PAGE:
The Keeper of Everything

Last Friday, I lost my shit. Absolutely lost my shit. It was day #2,057 of trying to get the kids in the car so we could go meet Dad at the climbing gym. Now, you should know: mama loves her climb time. It’s not a sport I’d ever have considered, were it not for the encouragement (read: gentle harassment) of my husband. Coupled with the fact that when you’re up on a 40-foot wall, you’re out of reach of any grabby kid hands or constant questions.

“Where’s my water bottle?”

“Where’s my paper?”

“Where are my stickers?”

WHEN DID I BECOME THE KEEPER OF EVERYTHING?? USE YOUR F*CKING EYEBALLS!

So: climbing – the answer to “me” time on Mondays, Wednesdays, and Fridays. Joey climbs or plays with buddies. Junie talks to strangers and forces stickers on them. I neglect both offspring for a healthy 2-3 hours. It’s a win/win for us all.

Except that we cannot seem to get in the damn car and GO. I had tried it all: setting a timer for them to gather their things, giving them multiple verbal announcements that we’d be leaving soon, starting and sitting inside the car until they came out. Nothing worked. Every option took an e t e r n i t y. And, more frustratingly, ended in me chastising them (nearly) the entire way to the gym.

Rage-speeding 5 to 10 miles over the 35mph speed limit, I’d bark my irritation. Lamenting, more to myself than to them, the fact that I can NEVER get out of the house in a timely fashion, and why can’t everyone just get their own damn shit?! All this, only to glance in the rear view and see two bored faces trying their best to feign engagement when they tuned me out 20 minutes ago.

This was the mom I never wanted to be. Impatient. Unyielding. Angry. With a facial expression that says, “You may be trying your hardest, kid, but it still ain’t enough.”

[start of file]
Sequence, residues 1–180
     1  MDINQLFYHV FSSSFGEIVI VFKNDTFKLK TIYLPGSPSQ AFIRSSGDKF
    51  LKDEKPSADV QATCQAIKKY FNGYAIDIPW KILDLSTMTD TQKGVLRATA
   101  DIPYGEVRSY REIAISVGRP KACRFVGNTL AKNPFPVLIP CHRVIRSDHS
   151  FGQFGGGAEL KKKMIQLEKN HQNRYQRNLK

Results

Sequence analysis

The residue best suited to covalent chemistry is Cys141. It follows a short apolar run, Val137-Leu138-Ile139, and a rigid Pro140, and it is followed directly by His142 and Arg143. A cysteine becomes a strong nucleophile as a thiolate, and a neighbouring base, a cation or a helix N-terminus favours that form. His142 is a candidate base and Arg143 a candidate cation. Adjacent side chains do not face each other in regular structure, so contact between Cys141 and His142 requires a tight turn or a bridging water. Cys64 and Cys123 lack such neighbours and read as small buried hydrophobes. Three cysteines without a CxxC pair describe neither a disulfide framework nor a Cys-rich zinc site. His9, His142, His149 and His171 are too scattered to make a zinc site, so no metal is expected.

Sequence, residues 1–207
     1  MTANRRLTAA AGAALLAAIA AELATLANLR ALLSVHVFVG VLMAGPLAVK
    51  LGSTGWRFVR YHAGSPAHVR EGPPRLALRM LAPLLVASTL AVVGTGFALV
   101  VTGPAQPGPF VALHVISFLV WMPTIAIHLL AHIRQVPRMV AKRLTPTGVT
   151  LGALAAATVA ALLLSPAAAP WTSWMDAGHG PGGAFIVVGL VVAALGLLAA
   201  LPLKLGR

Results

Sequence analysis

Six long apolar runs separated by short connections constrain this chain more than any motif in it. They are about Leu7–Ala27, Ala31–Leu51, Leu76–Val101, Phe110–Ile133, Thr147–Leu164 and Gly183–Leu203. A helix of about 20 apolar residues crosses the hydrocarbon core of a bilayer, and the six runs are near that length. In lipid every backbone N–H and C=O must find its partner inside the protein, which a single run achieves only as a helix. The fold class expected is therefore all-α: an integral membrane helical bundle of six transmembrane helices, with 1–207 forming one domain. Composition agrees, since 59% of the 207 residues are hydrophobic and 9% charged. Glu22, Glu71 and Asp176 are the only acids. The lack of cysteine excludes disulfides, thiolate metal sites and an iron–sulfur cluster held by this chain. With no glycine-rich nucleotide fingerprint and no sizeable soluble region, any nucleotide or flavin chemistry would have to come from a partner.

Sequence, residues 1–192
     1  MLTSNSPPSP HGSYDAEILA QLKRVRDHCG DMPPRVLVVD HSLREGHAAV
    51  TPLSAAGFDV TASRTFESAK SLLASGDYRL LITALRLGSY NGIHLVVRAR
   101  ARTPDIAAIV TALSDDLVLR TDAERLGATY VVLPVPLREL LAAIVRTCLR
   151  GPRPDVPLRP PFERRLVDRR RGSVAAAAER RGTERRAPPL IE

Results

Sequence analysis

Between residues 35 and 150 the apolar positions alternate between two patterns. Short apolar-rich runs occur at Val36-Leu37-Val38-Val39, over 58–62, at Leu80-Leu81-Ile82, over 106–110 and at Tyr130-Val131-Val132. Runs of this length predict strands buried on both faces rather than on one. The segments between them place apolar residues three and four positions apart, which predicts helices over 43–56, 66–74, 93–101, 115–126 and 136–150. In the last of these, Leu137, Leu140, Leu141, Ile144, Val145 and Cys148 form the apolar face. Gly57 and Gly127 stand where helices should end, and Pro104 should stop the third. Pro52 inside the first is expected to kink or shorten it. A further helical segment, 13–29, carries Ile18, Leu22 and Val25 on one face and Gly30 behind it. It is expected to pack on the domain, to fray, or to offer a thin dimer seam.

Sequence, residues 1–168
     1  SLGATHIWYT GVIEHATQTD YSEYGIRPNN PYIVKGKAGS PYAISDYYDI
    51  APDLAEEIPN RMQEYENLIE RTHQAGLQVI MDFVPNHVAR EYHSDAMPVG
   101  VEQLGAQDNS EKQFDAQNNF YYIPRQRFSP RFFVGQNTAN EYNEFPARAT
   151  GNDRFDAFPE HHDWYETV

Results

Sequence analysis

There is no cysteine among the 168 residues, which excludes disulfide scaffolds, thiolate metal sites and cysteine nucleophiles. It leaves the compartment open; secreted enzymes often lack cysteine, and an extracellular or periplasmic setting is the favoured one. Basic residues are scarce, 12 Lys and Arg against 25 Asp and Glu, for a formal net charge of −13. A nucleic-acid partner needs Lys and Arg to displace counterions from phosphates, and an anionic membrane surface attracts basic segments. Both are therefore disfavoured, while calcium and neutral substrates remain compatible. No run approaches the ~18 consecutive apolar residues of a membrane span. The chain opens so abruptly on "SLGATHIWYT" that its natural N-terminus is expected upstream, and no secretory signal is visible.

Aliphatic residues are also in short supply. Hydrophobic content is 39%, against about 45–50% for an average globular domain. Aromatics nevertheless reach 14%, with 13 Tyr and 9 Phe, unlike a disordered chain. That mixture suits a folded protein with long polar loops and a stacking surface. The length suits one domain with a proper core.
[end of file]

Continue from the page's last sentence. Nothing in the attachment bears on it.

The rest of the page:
I’ve parented long enough to know there are certain moments when you double down on demanding a higher standard. The future of your children depends on it, so they don’t turn out TOO doughy soft. Then, there are those moments when you realize you just might be acting like a douche for no reason.

As I pulled on my harness and headed for the nearest climbing wall, it dawned on me: we’re a team, this family. And team members help each other where they are weakest. Right now, my kids are pure silly putty when it comes to gathering their things and getting a move-on. Thank God we aren’t on the Oregon trail…

It’s a meditation/intention I’m setting for all parts of life, beyond my own kids: when those around me are at their weakest and most vulnerable, may I surprise them (more so, myself) with patience and graciousness in place of judgment or irritation.

I want to be the kind of person who can be inconvenienced on behalf of someone else. Who can be asked for help without judging or condescending.

Because that’s what I want from you, too.

Now, let’s climb.

2 Comments

  1. My kids are out of the house and I am embarking on that empty nest thing. Well, since we moved away from “home” to Southern California, I seem to be loosing my shit without any kids being around. I miss home.

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